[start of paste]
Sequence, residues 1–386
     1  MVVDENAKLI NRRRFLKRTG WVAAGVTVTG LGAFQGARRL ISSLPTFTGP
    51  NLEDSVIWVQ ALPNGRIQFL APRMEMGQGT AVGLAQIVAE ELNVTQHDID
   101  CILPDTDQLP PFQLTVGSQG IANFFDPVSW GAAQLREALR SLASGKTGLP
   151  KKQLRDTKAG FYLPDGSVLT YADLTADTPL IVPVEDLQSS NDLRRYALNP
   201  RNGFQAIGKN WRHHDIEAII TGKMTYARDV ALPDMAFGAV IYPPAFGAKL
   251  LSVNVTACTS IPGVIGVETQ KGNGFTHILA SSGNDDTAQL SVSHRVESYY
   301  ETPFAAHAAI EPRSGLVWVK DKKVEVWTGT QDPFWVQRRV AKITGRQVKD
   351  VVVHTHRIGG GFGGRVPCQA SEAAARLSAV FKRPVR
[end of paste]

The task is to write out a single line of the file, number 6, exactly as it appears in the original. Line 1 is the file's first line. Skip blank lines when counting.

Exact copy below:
   201  RNGFQAIGKN WRHHDIEAII TGKMTYARDV ALPDMAFGAV IYPPAFGAKL